1. Dr Alexander Samarin
  2. 10 months ago
Agree! Would you ask your kitchen supplier to learn you how to cook a fabulous boeuf bourguignon?
  1. Emiel Kelly
  2. 10 months ago
Very good! It's OK if a customer decides, upon consideration, that it makes the most sense for their business to have the vendor do the development. There are plenty of good reasons that might be the case.

But as vendors, it's our job to ensure that customers can, if they so desire, cut the cord and proceed to grow their internal capabilities. We're a lot more interested in successful customers than we are in a few services dollars here and there.
  1. E Scott Menter
  2. 10 months ago
  1. more than a month ago
  2. BPM Discussions
  3. # 11
E Scott Menter Accepted Answer
Blog Writer

I'm going to cheat by not limiting myself to only one "#1". Sue me.☻

[list]
[*]
Customers! Customers! Customers! BPM isn't just for the back office anymore. Oh, and by the way, your eforms (with all due respect) are probably horrible. Before you show them to customers, get some UI/UX/CX folks in to redesign them for you.
[*]
Supply chain partners. Your vendors and and partners are intrinsic to your processes and your success. Turn them into full-fledged participants in your BPM-driven applications.
[*]
Render unto workflow what is workflow's, and to case what is case's. In other words: traditional process and case management aren't all that distinct. Your BPM-driven applications should be able to easily take advantage of both paradigms, flowing easily out of one, into the other, and back into the first again.
[*]
Recognize BPM for what it is: a platform for the rapid design, creation, deployment, operation, and iterative improvement of robust, custom business applications. Build teams with the appropriate skills for making the most of this technology. These teams may include analysts, architects, builders, UI/UX/CX, and others who grok the BPM paradigm and know how to exploit it without treating it like something it's not, something with which they may be more familiar (a common problem with programmers, for example).
[/list]


I take it back. The last one is #1.



http://www.bplogix.com/images/icon-x-medium.png Scott
Comment
  1. more than a month ago
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  3. # 12
Garth Knudson Accepted Answer
Blog Writer

BPM is proven both as a methodolgoy and solution platform. So find a project. Get started by identifying and classifying improvement opportunities based on likely financial, customer, and strategic benefits. Create and score projects based on benefits (e.g., strategic fit, cost savings) vs effort (e.g., resources, duration, capital investment, risk), and select the candidate with highest value and/or just-do-it potential. Assign project sponsors and teams, gather remaining inputs and outputs, create scope and project charters, and define project plans. Then go do it. Apply lessons learned to the next project. Go from smaller projects to larger projects as team become comfortable and management committed.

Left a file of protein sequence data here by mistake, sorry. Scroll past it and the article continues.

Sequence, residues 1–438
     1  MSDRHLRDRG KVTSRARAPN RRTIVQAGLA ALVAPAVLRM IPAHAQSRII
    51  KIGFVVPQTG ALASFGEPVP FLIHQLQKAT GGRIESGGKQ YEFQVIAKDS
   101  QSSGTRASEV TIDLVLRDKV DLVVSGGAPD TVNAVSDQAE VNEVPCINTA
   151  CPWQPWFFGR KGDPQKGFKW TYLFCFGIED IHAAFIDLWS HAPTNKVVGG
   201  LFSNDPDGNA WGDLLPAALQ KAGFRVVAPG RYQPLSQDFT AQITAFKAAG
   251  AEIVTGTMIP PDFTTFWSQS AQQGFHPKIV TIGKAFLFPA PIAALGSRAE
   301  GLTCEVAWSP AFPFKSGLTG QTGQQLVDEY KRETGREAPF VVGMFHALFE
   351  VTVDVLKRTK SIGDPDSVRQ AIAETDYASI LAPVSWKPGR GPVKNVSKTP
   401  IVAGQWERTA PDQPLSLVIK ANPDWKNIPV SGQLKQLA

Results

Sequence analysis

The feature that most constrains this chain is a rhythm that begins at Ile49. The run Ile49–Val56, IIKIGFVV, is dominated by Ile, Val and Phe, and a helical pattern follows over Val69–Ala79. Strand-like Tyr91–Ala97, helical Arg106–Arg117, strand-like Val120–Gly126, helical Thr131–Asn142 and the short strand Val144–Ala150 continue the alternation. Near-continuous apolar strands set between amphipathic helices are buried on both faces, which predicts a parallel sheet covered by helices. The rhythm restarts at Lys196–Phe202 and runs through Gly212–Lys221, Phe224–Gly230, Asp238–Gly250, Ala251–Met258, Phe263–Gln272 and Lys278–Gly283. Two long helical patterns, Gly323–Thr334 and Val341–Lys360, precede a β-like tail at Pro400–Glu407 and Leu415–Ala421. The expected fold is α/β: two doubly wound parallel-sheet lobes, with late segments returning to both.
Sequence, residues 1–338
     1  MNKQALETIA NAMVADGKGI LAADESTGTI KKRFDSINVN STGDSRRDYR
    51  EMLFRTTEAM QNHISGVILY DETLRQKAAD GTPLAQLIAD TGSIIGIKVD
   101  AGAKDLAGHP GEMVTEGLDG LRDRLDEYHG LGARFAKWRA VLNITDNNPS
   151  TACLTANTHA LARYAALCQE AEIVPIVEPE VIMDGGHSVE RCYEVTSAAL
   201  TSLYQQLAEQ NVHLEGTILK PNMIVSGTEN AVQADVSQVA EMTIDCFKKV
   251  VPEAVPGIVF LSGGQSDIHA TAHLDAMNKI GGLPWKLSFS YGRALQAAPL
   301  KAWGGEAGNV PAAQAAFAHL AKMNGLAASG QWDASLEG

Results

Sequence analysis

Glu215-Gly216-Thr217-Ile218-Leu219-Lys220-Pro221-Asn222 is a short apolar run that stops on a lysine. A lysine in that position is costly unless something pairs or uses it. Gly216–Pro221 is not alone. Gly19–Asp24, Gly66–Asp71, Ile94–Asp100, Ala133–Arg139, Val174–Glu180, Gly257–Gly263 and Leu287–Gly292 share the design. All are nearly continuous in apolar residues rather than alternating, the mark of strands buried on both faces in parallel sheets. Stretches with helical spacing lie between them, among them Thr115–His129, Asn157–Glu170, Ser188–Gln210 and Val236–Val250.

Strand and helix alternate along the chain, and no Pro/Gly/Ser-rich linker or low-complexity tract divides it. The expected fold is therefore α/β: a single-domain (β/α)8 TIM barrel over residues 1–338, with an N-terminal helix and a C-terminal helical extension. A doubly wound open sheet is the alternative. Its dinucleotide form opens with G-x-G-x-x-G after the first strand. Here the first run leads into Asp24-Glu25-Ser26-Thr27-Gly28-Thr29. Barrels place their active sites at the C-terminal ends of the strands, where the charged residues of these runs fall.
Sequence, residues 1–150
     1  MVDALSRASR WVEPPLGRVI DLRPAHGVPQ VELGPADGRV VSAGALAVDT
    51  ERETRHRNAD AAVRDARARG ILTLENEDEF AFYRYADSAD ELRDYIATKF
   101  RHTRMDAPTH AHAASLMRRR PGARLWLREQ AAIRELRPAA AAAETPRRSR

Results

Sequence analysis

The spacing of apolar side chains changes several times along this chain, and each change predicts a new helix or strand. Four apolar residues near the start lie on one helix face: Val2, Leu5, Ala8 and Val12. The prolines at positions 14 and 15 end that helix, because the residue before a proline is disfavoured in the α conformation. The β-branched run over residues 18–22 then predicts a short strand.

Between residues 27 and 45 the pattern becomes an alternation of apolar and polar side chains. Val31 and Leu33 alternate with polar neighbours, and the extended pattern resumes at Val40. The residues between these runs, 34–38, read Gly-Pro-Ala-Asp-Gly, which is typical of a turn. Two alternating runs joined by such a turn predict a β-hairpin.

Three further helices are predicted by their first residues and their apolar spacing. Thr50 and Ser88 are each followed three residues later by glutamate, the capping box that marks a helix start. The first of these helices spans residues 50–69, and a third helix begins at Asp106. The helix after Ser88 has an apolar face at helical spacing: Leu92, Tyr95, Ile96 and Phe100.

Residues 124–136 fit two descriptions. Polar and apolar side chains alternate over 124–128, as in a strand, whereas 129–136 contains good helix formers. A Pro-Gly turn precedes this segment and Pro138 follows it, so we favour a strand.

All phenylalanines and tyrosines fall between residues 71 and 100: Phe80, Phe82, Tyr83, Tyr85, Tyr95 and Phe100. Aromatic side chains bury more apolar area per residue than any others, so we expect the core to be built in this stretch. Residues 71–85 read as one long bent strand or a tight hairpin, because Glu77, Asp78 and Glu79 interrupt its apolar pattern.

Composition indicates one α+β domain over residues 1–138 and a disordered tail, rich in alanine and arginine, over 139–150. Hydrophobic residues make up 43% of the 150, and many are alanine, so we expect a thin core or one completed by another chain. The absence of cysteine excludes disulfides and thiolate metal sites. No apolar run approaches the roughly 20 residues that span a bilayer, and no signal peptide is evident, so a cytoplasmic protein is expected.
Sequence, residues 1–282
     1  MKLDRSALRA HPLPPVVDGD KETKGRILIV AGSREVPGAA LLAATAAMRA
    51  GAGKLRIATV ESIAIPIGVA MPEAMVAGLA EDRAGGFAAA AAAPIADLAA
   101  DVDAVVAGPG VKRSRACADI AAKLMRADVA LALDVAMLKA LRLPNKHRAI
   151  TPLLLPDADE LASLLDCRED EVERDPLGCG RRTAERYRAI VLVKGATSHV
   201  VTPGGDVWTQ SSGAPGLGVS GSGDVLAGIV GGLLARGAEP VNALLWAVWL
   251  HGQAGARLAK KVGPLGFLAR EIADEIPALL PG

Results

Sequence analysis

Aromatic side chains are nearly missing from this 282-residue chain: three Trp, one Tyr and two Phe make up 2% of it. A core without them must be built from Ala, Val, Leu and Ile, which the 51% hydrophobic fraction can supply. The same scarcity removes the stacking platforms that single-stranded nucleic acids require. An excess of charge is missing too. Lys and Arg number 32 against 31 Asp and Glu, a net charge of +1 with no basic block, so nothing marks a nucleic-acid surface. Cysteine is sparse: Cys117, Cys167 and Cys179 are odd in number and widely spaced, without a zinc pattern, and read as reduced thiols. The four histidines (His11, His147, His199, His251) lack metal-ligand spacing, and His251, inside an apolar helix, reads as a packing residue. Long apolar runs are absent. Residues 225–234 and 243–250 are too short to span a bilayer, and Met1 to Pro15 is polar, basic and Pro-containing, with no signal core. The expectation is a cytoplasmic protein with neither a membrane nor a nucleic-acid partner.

Comment
Garth, good sales model . . . except isn't this the same recipe that has been used by savvy BPM sales people for 10 years? Or any technology for that matter? Are we at a tipping point or something? And now all this hard work is going to start to pay off faster? : )
  1. John Morris
  2. 10 months ago
  1. more than a month ago
  2. BPM Discussions
  3. # 13
Peter Johnston Accepted Answer

Get rid of the Project Methodology.


Done as a project, BPM is costly, disruptive and rarely produces the benefits envisaged. Worst of all, once the project team leaves, that is as good as it gets - as the process need evolves, the process doesn't leaving it trapped in a timewarp.


Take a leaf from the machine learning and lean startup handbooks. Simply create the existing process in your BPM software, then set up a learning and AB testing system which analyses the data the system produces and makes predictions on what works better, then testing those and creating a winner stays on iterative process. Instead of a process which decays, you now have a process which learns and continually optimises and adapts to changes. This system basically gets better every time you use it, eliminating the need for costly project teams to come back in and refresh every few years.


Projects were part of the old, static world, not the new fast-moving one. And if your company still thinks in projects, it is on the way out.
Dynamic Process
Oxfordshire, UK
+44 (0) 1491 874368
+44 (0) 7590 677232
#dynamic_process
peter@dynamicprocess.uk
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  1. more than a month ago